I am also currently reading ‘Make it Stick: The Science of Successful Learning’ and this blogpost by @BodilUK helps summarise some of its principles.

This by @jo_facer is an excellent review of ‘Making it stick’ as well.

Good luck!

So, as you and your department teams get together to plan, keep the end in mind: What type of students should your curriculum develop and how will the long term plan support this?


Myton Sharing Practice Meetings: The story so far

With the introduction of our new CPD model in September, the Teaching and Learning Team were determined that the ‘Share, Collaborate, Engage’ motto shouldn’t just be three buzz words strung together, but something much more meaningful than that. We are so proud that the Sharing Practice meetings, Walk abouts, Newsletters and Whole school book looks have allowed our staff to see what others are doing and share their own brilliant ideas too. Below is a brief review of how the new Sharing Practice meetings are enabling staff to share practice, collaborate with others as well as engage with new ideas.

Sharing Practice Meetings

Staff at Myton now take part in half hour sharing practice sessions each half term. We split into five groups and volunteers take two minutes to share something practical from their classroom they believe others can benefit from. This is very much in the style of a TeachMeet and is quite fast and high energy to allow us to see as many things as possible in the short amount of time. The two sessions in the Autumn term enabled over 50 ideas to be shared between staff!

Autumn half term’s session had five areas to sign up to: Differentiation, engaging learners, marking and feedback, innovative practice and Literacy/numeracy. Some of the highlights are below:

Engaging Learners

Anna Alton shared a simple hand out to ‘crowdsource’ ideas from the class. This was originally taken from Twitter. Each student had one of the crowd outlines and were challenged to gather a different idea in each person outline from as many students as possible. The benefit of this technique is that the questions can be differentiated and students audibly create a buzz about the learning in the classroom. It stretches their thinking as they compete to think of something different to other members of the class and then scaffolds their written responses as they write up an answer to their original question.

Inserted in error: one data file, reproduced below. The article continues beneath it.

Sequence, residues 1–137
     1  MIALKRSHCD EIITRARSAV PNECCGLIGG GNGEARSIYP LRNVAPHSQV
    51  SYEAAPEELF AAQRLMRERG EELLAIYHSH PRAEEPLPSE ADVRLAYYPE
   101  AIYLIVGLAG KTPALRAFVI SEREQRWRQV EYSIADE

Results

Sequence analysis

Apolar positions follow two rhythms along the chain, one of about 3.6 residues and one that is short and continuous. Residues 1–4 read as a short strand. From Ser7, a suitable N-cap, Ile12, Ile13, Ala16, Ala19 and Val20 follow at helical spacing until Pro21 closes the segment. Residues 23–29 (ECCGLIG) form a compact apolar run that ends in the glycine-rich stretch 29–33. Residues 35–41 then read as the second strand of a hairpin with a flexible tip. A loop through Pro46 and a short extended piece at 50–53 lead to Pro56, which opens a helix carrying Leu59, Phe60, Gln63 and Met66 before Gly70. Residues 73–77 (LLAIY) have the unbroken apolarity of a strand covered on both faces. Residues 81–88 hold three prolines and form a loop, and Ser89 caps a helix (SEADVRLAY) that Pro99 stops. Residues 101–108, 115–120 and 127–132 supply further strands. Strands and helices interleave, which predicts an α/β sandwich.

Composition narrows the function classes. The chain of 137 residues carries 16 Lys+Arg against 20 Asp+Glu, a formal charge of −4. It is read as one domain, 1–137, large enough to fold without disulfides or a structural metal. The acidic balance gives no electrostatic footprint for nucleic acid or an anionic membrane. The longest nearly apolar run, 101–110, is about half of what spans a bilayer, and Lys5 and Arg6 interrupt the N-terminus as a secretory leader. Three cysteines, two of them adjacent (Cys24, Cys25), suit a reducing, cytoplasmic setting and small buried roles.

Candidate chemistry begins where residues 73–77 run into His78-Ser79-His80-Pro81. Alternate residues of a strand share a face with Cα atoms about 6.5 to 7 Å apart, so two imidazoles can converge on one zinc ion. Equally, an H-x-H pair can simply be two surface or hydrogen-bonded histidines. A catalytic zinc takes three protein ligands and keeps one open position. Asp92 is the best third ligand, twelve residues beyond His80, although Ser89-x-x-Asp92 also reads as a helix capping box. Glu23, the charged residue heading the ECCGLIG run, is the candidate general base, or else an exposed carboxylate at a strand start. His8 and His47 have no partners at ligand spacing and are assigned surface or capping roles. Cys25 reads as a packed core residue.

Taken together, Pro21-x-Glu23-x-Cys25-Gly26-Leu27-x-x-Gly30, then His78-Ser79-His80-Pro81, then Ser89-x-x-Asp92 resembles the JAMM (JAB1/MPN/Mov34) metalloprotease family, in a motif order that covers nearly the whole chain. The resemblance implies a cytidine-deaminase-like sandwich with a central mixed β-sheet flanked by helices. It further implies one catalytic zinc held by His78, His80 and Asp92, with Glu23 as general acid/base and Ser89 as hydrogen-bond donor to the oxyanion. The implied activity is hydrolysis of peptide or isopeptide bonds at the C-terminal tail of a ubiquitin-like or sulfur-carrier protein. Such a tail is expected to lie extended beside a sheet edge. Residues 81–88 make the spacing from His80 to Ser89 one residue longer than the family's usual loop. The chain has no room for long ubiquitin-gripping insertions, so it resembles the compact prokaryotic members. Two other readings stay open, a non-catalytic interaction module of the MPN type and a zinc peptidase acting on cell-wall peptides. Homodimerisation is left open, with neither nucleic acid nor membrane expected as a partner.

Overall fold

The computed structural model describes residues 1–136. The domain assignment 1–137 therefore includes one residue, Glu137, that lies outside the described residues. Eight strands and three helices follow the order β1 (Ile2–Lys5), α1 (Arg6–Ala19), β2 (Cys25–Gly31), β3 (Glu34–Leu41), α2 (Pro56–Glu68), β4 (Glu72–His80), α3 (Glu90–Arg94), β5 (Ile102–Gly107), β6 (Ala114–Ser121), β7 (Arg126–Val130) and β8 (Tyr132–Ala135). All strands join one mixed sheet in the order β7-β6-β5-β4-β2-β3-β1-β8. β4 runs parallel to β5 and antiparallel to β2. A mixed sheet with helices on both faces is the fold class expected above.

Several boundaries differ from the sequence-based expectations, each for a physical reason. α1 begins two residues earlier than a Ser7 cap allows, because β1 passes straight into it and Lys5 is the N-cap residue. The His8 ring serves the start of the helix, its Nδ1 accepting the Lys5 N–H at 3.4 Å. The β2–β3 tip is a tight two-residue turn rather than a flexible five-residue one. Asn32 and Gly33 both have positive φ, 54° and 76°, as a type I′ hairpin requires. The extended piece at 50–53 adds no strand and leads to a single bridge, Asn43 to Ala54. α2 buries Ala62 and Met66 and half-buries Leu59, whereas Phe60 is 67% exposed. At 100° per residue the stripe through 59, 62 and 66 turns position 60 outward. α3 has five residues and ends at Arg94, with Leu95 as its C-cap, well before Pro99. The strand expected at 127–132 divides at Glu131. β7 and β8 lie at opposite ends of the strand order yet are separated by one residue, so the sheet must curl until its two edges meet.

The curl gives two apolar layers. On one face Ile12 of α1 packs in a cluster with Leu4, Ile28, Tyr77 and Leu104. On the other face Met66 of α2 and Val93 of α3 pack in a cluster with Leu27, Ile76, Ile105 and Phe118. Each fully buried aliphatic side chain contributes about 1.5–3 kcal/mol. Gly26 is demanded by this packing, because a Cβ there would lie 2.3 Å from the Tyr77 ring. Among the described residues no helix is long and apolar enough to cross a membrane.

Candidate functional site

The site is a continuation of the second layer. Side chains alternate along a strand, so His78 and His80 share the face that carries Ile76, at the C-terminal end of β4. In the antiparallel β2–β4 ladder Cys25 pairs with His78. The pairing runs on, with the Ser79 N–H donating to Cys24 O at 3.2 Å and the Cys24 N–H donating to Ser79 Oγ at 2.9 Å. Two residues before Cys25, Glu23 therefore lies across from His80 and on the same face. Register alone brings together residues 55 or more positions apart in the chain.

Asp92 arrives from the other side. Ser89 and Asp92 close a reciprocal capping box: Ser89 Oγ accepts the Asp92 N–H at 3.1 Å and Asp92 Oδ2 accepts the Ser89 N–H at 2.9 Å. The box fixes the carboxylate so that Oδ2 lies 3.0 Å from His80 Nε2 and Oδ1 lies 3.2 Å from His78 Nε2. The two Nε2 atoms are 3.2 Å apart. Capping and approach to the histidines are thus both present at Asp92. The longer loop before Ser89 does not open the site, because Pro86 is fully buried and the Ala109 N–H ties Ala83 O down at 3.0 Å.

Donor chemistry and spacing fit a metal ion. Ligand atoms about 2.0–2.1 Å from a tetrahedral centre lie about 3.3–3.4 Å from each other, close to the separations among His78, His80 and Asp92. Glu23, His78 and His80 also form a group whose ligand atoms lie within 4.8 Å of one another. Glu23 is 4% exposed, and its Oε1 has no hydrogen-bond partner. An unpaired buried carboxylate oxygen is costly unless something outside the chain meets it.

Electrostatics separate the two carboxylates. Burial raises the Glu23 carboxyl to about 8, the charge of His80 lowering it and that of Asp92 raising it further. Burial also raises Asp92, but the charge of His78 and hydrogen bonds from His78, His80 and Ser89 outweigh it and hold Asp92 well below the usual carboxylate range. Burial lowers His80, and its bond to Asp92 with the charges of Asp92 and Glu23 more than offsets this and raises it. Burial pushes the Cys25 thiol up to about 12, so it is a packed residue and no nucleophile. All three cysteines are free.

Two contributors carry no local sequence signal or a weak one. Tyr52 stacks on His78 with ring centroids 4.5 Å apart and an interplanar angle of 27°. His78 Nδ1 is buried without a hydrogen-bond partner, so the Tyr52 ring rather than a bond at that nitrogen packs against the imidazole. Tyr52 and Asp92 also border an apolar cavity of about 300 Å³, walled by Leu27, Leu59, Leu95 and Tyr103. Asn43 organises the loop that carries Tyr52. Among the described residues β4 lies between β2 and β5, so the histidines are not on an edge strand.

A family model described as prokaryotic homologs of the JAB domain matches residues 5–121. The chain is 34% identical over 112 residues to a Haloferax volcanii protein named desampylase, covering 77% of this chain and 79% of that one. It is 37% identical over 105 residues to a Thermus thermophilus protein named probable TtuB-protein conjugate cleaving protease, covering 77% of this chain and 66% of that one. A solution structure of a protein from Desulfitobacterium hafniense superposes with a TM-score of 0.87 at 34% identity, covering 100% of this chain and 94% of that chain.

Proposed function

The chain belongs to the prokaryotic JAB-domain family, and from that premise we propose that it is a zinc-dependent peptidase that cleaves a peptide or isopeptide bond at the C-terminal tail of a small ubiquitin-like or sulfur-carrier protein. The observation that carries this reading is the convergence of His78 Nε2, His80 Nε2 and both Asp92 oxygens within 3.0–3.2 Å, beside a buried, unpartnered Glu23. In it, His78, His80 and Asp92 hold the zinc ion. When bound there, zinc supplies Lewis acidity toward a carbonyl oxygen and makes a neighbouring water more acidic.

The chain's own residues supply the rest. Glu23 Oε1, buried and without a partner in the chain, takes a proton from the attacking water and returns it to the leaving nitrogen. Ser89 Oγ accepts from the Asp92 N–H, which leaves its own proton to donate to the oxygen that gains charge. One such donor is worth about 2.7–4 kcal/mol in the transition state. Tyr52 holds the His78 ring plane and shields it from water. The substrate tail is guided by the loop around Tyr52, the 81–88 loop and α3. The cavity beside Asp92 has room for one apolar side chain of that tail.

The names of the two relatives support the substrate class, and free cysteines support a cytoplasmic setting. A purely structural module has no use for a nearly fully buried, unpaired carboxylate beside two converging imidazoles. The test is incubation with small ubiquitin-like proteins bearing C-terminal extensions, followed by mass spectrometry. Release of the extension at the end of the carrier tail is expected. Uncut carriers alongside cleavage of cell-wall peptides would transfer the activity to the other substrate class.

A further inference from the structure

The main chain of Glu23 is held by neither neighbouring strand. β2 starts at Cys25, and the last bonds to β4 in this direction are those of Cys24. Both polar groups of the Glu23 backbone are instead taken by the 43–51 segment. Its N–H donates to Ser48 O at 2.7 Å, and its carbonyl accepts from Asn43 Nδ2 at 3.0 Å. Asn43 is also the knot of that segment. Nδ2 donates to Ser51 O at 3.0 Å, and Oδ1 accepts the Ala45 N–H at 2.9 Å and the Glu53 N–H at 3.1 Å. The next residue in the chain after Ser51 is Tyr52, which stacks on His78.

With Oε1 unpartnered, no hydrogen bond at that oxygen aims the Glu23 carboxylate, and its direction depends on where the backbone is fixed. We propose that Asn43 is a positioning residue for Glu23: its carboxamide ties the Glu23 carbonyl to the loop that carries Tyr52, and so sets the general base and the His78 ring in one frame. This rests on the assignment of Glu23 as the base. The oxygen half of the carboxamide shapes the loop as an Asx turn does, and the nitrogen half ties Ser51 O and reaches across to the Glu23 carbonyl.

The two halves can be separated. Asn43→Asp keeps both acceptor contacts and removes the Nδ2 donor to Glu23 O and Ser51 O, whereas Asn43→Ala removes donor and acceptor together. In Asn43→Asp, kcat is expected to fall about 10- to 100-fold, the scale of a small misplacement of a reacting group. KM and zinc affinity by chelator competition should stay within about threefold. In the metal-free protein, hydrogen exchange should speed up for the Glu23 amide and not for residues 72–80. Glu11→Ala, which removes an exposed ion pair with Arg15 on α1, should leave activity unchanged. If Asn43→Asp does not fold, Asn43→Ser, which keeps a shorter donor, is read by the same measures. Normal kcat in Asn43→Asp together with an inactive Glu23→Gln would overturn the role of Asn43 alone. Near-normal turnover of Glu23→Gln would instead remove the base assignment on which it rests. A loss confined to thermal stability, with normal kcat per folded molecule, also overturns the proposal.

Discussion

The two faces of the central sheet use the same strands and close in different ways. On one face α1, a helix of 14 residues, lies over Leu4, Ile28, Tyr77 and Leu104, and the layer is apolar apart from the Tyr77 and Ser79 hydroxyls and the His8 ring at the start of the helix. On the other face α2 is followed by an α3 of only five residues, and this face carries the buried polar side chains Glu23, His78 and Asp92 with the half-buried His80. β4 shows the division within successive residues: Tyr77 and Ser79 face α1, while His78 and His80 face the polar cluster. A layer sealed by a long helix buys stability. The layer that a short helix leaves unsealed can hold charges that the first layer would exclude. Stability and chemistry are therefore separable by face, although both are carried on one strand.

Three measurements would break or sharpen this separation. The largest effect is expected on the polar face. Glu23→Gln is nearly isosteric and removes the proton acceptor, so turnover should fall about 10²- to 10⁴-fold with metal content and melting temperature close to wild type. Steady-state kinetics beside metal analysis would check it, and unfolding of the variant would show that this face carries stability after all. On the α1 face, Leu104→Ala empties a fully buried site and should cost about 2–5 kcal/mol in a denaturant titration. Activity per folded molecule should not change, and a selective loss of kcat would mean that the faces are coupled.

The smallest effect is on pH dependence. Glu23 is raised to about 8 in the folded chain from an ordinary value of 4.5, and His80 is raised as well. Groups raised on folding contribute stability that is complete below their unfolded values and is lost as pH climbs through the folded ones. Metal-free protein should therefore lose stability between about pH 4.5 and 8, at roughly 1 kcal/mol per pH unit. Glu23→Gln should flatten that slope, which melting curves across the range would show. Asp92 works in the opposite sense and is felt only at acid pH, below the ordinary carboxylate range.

Crowdsourcing template AA

Helen Johnson then shared the visual representations that her year 8 group had created. Some amazing pride had been shown in the work they had created as they were able to represent their ideas and discuss their learning in a less conventional way.

Shiraz Ismail talked us through how he engages students in his classroom. On entry a number crunch challenge is on the board. Students have become so routine in this competitive challenge which sees them try to get in to the top ten, that they now will find the number crunch to write upon the board themselves if Shiraz forgets!

A coaching log for year 11 students was shared by Clare Concannon. The difference with this log is that it is sold to the students and their parents as a very positive intervention and students have to take responsibility of collecting the log and completing it themselves. Clare has seen great success with students who were in danger of underachieving going on to ultimately meet their target grades.


Emma Clarke told us about the memory story she uses to help students understand a complex model about how memory works. The story is placed around the room and students have to piece clues together and work as a team to draw the model based upon what they can work out from the story. A really interesting way to help students break down a complex idea into something more manageable.